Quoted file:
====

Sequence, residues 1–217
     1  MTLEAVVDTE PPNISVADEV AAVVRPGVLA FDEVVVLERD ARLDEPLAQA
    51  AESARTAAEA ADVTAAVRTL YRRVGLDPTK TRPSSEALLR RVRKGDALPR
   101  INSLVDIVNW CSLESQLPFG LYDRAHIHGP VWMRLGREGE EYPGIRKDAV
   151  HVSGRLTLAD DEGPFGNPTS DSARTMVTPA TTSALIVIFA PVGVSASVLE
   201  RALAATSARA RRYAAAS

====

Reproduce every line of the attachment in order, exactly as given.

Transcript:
Sequence, residues 1–217
     1  MTLEAVVDTE PPNISVADEV AAVVRPGVLA FDEVVVLERD ARLDEPLAQA
    51  AESARTAAEA ADVTAAVRTL YRRVGLDPTK TRPSSEALLR RVRKGDALPR
   101  INSLVDIVNW CSLESQLPFG LYDRAHIHGP VWMRLGREGE EYPGIRKDAV
   151  HVSGRLTLAD DEGPFGNPTS DSARTMVTPA TTSALIVIFA PVGVSASVLE
   201  RALAATSARA RRYAAAS